It is possible with the design of the electrode pattern 26 of the present invention for each drive signal to inadvertently couple with its accompanying sense electrode. For example, coupling may occur between the first rate drive electrode 46 and the first rate sense electrode 50. To avoid this unwanted coupling, additional capacitance 65 is introduced to the control circuit 64 to balance, or null, the inherent inter-electrode capacitance. Capacitors 65 are located between the first rate drive electrode 46 and the second rate sense electrode 52, between the second rate drive electrode 48 and the first rate sense electrode 50, between the first vibration drive electrode 42 and the second vibration sense electrode 56, and between the second vibration drive electrode 44 and the first vibration sense electrode 50. The introduction of capacitance between these electrodes compensates for the inherent inter-electrode capacitance.
The compensating capacitors 65 may be a separate electronic component having a fixed or variable value. However, in the preferred embodiment the capacitors are an inherent part of the electrode pattern 26 through parallel or overlapping traces in the fabrication of the micro-gyroscope. The inherent capacitance ensures that any change in the dielectric constant will affect both the inherent capacitance as well as the compensating capacitance.
The control circuit of the present invention can be simplified by eliminating the multiplier used in the prior art and using the bias voltage as the Automatic Gain Control (AGC) loop gain control voltage. A simplified schematic of a prior art control circuit 70 is shown in FIG. 5. The gain control voltage 71 is passed through an electronic analog multiplier 72 to produce the AC drive voltage 73. A bias voltage 74 is provided by a DC voltage source 76.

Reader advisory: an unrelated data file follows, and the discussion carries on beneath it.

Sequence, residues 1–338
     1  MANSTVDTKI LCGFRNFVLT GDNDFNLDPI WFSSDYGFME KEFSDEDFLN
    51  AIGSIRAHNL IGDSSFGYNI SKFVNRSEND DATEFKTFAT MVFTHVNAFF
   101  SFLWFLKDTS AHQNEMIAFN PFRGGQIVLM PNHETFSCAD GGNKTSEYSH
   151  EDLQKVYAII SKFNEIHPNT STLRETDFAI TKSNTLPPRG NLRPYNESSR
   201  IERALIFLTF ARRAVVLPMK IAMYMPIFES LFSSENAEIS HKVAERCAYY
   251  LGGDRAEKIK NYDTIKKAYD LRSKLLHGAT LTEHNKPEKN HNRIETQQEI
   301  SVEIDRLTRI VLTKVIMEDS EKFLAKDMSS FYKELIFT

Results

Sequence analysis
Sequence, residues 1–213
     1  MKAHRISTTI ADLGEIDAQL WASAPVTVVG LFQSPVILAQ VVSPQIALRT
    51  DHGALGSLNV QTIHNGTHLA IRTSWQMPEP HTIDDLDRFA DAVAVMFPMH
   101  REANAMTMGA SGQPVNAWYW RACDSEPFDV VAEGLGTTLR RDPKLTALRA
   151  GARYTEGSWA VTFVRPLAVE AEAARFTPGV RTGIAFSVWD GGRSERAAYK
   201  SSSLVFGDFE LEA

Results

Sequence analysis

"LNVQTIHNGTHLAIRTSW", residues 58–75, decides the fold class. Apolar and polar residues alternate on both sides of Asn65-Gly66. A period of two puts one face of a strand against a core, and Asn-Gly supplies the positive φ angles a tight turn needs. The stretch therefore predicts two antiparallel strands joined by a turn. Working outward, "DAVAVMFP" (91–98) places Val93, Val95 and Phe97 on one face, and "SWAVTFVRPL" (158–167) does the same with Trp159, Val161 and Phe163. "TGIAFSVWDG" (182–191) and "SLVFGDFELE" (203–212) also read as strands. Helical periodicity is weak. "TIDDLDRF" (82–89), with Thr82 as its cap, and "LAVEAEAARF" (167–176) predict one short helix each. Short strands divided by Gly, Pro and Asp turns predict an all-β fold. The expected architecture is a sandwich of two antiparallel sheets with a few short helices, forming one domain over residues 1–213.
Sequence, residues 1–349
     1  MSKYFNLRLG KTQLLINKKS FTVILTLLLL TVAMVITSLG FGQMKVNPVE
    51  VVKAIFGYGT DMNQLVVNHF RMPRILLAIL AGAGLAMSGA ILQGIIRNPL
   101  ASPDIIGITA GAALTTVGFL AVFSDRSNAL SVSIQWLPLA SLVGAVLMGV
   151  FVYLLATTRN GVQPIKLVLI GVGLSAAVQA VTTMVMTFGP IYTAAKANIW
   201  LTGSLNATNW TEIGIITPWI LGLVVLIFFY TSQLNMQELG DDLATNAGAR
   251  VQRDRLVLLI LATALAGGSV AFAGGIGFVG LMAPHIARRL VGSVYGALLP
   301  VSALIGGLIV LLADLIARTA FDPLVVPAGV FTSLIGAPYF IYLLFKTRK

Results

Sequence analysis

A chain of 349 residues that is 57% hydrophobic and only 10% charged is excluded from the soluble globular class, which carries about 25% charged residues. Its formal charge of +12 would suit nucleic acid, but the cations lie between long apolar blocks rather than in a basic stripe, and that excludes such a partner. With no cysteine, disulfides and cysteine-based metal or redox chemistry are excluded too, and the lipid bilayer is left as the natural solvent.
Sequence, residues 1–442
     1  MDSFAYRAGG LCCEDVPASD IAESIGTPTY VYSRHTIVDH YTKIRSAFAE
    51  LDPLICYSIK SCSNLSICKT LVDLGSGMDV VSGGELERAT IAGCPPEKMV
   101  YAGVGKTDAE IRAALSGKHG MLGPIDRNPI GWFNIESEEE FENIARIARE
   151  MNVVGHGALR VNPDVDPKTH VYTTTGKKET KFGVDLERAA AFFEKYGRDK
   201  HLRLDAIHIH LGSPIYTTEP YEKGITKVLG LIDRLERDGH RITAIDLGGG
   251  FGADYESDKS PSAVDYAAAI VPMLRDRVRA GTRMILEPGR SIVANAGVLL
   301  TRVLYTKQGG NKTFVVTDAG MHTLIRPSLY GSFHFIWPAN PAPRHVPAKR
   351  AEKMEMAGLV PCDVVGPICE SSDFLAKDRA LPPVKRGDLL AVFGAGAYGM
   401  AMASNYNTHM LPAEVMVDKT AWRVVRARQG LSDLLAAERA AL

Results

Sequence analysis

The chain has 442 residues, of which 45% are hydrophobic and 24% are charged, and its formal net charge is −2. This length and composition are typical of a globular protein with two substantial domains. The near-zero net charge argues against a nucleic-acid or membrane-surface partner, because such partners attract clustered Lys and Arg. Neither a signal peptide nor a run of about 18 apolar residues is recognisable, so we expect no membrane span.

The control circuit 78 of the present invention is shown in FIG. 6. The control circuit 78 exploits Coulomb's Law of Electrostatic Attraction to produce a drive force that is proportional to the product of the AC drive voltage 80 and the DC bias voltage 82 applied to the electrostatic deflection electrodes. The control circuit 78 of the present invention uses the DC bias voltage 82 as the AGC loop gain control voltage 84, thereby eliminating the need for an electronic multiplier.
Referring to FIG. 6 it is shown that the loop gain control voltage 84, formerly connected to the electronic multiplier, is connected to the DC bias points on the drive electrodes 42 and 44. In operation there is a grounded vibrating element 86 between the two symmetrical drive electrodes 22. There is a voltage on one electrode equal to Vb +Vd where Vb is the DC, or slowly changing, bias voltage 82 and Vd is the AC drive voltage 80. The voltage on the second electrode is equal to Vb -Vd. The electrostatic force on the vibrating element 86 is:
F=K[(V.sub.b +V.sub.d).sup.2 -(V.sub.b -V.sub.d).sup.2 ]
where K is constant when the vibrating element 86 is centered between the first and second vibration drive electrodes 42 and 44. The equation reduces to F=4KVb Vd. The force is a constant multiplied by the product of the bias voltage 82 and the drive voltage 80.
Another element to the control circuit for the micro-gyroscope is the precise detection of oscillator amplitude for the purpose of precisely controlling the amplitude of the vibration in a micro-gyroscope. A precision full-wave rectifier, or in other words, a circuit that computes the absolute magnitude of a voltage accomplishes this. The full-wave rectifier of the present invention uses fewer parts than prior art circuits. Another advantage of the full-wave rectifier used in the control circuit of the present invention is that its gain magnitudes for positive and negative inputs are nominally equal, or balanced. The balance is easily trimmed in the circuit of the present invention to accomplish ideal balance. Ideal balance is critical to gyro performance because it cancels low frequency noise in the amplitude control loop.